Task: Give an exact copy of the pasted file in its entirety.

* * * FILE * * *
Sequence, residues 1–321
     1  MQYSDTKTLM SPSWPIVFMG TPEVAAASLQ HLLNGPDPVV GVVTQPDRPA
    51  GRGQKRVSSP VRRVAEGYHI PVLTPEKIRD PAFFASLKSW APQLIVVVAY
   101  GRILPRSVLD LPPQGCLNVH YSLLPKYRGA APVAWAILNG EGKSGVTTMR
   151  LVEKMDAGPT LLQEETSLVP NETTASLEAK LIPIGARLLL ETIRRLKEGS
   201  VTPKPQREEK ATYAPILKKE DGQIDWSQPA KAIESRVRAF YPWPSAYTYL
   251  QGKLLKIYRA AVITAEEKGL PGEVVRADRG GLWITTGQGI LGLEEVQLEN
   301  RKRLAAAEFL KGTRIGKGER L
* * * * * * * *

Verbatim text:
Sequence, residues 1–321
     1  MQYSDTKTLM SPSWPIVFMG TPEVAAASLQ HLLNGPDPVV GVVTQPDRPA
    51  GRGQKRVSSP VRRVAEGYHI PVLTPEKIRD PAFFASLKSW APQLIVVVAY
   101  GRILPRSVLD LPPQGCLNVH YSLLPKYRGA APVAWAILNG EGKSGVTTMR
   151  LVEKMDAGPT LLQEETSLVP NETTASLEAK LIPIGARLLL ETIRRLKEGS
   201  VTPKPQREEK ATYAPILKKE DGQIDWSQPA KAIESRVRAF YPWPSAYTYL
   251  QGKLLKIYRA AVITAEEKGL PGEVVRADRG GLWITTGQGI LGLEEVQLEN
   301  RKRLAAAEFL KGTRIGKGER L